Toshihide Shun’ei Hakamata believes that the problems of suicide, the elderly, and dying alone (koritsu shi) all are due to the increasing isolation of people. He also believes that isolation is an illness of modern society. It is a vast and deep problem and Japan has a term for it – hikikomori 引きこもり—those that shut themselves inside their homes and avoid all social interaction.
There was no escape
Normally, I would never jump on a cruise ship for a two week’s journey. At least, not until I passed 60th, since I always imagined people taking cruises as elderly Germans drinking cocktails with umbrellas, doing something different from their usual Mallorca holidays.
Yet, each time when I attended a Nomad Cruise conference on a gigantic cruise ship over the Atlantic, it made me happy. Not about the drinks with umbrellas, mind you (although those piña coladas do taste good on the sea!). But about the fact, that these cruises happened to be a long transatlantic journeys, with little to no internet, no chance to escape (we did only 3 stops over the Caribbeans). This created lots of opportunities for 400+ people to connect. Some were calling it the Love Boat (that’s a story I didn’t take part of, but good for them 😉). Most was calling it one of the most profound experiences in their lives for finding their tribe and learning from each other. Each of us had some skill e.g. real estate foundations, or website design, or balls juggling, salsa dance etc… that one could set up a place for a workshop and others could join freely.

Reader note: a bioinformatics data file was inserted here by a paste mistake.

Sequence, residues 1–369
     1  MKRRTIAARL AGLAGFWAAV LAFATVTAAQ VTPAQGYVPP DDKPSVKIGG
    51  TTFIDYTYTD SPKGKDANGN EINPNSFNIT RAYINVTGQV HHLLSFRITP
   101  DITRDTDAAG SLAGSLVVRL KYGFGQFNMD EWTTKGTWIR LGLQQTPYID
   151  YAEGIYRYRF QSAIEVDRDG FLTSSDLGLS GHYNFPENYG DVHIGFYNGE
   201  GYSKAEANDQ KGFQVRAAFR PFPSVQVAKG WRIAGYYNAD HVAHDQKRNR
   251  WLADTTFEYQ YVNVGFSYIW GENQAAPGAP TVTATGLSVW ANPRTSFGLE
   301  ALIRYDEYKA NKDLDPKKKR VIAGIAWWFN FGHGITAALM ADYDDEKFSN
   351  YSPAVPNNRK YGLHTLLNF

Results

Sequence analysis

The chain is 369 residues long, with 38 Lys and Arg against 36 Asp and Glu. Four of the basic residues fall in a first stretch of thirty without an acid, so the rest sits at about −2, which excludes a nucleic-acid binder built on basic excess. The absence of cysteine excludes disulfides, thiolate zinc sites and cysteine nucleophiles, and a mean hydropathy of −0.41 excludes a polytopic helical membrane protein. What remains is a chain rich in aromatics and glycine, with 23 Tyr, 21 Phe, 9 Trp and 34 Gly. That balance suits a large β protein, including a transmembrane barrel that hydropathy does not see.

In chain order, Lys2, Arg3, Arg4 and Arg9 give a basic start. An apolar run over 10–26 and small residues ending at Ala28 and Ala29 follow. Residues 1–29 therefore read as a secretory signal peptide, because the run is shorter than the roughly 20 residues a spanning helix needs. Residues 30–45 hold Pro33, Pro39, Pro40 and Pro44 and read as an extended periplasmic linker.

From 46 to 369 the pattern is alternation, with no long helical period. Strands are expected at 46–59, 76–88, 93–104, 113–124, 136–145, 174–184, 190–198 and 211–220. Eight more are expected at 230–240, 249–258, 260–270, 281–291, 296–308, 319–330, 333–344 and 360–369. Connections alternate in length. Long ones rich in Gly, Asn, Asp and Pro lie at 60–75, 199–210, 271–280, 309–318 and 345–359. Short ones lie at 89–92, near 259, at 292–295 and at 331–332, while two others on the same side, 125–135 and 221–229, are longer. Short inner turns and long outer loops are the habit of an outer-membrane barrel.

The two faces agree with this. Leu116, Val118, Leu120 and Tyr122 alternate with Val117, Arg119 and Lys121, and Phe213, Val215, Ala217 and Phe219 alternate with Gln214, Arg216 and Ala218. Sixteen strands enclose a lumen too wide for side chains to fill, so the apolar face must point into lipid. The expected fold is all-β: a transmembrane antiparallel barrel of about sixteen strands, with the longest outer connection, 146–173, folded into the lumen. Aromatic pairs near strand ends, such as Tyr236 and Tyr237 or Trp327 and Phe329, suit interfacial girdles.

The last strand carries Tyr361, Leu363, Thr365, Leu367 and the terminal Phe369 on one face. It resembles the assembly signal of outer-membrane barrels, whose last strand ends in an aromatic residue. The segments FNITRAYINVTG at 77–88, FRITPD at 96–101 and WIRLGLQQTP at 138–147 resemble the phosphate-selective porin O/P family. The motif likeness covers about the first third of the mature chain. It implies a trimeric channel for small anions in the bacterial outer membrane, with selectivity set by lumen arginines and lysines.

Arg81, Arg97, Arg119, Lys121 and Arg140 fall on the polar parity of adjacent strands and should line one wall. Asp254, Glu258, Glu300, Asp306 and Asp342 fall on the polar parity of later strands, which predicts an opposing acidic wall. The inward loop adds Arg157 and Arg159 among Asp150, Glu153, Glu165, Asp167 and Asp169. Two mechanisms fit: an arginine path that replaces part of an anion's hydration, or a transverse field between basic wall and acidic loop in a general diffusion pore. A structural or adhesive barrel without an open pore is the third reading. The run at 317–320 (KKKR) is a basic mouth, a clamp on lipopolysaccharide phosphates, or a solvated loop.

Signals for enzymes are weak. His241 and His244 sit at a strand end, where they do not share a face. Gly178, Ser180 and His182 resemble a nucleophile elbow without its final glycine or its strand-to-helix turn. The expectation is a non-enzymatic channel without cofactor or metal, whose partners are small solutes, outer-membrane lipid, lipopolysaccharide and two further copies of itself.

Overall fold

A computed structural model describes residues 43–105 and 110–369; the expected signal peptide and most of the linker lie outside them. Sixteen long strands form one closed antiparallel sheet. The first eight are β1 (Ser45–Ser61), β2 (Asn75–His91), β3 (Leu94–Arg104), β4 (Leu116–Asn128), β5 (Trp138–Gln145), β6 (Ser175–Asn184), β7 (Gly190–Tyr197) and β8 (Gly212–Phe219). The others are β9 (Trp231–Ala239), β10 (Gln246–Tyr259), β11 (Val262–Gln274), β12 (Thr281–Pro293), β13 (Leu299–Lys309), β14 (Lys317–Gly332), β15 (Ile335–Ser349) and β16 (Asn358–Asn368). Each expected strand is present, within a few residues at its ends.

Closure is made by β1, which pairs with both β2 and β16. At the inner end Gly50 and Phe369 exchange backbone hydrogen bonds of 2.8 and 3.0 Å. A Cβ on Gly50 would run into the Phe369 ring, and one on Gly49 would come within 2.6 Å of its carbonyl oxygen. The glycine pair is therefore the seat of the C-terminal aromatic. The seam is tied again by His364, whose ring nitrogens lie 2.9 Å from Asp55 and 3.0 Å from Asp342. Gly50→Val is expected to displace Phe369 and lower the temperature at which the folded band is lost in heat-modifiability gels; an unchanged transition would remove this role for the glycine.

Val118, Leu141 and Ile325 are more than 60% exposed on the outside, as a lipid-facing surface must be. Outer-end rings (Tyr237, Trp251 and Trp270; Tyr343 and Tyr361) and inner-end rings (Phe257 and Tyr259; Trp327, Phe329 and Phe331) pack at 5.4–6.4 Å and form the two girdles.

First time it was Gran Canaria to Panama and our second it was Barcelona to Recife, Brazil). You could be as easily found as you could get lost if you wanted to. Just to give you an idea – we were even doing bar crawls with nine ‰ top up points spread across a 13 floored cruise ship.